It has been just revealed the fact that red meat consumption could trigger higher diabetes risks. Check out the latest reports about the matter below.
Red meat can boost risks for diabetes
A new study conducted by researchers from Harvard T.H. Chan School of Public Health suggests that people who consume just two servings of red meat each week may face an increased risk of developing type 2 diabetes. The risk appears to escalate with greater consumption of red meat.
The study, which was published in The American Journal of Clinical Nutrition on October 19, also revealed that substituting red meat with healthy plant-based protein options like nuts and legumes, or consuming modest amounts of dairy products, was linked to a reduced risk of type 2 diabetes.
“Our findings strongly support dietary guidelines that recommend limiting the consumption of red meat, and this applies to both processed and unprocessed red meat,” said first author Xiao Gu, postdoctoral research fellow in the Department of Nutrition.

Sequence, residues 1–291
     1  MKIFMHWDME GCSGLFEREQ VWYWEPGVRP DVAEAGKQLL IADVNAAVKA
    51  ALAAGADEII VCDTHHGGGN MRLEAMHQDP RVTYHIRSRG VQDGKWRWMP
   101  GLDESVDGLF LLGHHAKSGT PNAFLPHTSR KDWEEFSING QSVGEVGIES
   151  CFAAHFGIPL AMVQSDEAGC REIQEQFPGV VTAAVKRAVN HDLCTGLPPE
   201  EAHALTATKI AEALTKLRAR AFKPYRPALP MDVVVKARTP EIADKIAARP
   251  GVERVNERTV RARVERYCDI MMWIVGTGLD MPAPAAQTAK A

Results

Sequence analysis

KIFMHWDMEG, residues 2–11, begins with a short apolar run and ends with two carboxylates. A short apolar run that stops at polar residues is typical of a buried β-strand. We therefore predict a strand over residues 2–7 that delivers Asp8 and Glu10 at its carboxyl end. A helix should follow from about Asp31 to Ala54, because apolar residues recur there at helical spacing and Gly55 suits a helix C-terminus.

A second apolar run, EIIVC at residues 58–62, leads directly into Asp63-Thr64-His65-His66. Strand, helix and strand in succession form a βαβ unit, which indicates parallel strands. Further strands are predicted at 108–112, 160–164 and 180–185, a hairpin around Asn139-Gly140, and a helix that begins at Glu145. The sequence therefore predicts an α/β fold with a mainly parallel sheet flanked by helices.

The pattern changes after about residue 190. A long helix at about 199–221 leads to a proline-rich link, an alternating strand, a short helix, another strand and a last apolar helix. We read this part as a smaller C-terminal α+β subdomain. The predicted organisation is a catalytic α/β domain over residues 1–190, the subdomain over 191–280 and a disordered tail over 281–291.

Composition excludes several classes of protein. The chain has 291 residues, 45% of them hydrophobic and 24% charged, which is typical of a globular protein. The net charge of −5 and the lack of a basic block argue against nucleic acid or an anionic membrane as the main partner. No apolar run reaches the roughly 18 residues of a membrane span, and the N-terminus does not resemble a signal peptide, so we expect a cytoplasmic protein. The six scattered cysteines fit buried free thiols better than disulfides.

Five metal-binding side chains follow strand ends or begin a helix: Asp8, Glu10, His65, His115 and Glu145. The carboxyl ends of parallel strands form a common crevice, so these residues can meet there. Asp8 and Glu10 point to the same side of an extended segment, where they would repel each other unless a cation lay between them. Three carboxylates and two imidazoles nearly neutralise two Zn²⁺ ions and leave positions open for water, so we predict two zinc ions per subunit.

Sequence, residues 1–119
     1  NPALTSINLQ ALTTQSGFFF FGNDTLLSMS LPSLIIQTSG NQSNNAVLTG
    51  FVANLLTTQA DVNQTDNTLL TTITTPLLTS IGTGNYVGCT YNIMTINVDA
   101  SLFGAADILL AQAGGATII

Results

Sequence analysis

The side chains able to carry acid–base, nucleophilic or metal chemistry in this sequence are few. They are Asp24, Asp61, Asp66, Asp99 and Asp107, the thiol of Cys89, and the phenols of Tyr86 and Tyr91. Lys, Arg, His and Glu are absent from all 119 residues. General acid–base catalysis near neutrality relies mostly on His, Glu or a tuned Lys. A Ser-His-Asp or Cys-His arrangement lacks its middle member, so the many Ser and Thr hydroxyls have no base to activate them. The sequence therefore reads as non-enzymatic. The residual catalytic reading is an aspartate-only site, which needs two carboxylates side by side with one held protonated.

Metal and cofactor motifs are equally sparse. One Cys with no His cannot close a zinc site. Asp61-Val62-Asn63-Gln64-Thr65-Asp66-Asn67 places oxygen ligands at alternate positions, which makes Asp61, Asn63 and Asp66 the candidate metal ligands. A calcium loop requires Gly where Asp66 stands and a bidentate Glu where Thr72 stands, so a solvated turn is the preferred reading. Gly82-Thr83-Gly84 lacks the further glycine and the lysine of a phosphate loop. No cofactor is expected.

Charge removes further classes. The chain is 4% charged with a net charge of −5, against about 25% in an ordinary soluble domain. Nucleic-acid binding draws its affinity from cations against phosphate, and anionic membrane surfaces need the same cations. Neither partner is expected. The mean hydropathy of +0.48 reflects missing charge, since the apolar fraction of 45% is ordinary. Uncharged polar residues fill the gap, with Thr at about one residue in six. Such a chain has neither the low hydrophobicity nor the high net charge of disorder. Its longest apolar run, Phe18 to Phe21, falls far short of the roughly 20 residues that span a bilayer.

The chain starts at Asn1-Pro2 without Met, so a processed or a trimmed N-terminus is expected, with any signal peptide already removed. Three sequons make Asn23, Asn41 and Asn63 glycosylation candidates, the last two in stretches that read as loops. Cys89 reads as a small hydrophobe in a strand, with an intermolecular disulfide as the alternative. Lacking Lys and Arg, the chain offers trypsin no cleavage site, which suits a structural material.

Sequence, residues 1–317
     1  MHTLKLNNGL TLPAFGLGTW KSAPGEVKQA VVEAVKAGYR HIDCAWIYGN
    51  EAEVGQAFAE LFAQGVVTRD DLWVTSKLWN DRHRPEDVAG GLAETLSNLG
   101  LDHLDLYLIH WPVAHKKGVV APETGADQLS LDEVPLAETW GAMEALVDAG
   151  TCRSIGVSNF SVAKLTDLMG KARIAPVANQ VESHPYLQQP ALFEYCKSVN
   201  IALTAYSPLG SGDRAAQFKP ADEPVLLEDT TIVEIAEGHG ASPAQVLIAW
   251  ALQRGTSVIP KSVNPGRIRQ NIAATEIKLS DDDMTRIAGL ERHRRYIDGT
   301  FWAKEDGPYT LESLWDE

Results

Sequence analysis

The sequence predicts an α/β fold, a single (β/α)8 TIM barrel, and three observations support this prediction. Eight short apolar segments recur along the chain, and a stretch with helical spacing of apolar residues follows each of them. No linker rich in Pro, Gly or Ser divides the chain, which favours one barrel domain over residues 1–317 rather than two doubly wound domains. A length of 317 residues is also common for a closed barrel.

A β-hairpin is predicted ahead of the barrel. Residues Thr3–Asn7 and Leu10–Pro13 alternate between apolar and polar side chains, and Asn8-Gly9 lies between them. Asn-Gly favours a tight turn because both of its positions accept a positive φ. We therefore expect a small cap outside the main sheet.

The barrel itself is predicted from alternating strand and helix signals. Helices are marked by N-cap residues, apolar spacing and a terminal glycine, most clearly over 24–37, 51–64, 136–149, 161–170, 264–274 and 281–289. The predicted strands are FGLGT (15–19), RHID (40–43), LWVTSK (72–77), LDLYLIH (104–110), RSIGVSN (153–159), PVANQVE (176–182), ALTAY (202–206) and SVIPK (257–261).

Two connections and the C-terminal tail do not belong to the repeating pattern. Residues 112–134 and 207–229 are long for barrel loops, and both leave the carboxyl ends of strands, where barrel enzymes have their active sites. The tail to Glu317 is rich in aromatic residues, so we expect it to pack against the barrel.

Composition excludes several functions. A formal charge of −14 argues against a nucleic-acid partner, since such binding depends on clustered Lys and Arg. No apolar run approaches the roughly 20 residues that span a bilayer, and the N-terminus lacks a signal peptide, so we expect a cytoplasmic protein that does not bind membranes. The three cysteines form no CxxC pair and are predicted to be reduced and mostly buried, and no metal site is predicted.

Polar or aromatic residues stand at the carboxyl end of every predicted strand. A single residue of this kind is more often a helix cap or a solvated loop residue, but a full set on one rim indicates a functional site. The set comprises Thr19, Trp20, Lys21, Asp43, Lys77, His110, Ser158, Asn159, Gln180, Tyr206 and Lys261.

Previous research has shown a correlation between consuming red meat and an increased risk of developing type 2 diabetes. However, this study analyzed a large number of type 2 diabetes cases in participants who were being monitored for an extended period of time, which adds more certainty to the association.
The rate of Type 2 diabetes is increasing rapidly both in the United States and globally.
This is a major concern, as it is a serious disease that poses a significant risk factor for cardiovascular and kidney disease, cancer, and dementia.
For this particular study, the researchers analyzed health data collected from 216,695 participants from three different studies: the Nurses’ Health Study (NHS), NHS II, and Health Professionals Follow-up Study (HPFS).
The participants’ diets were assessed every two to four years, for a period of up to 36 years, using food frequency questionnaires. Over the course of this study, more than 22,000 participants developed Type 2 diabetes.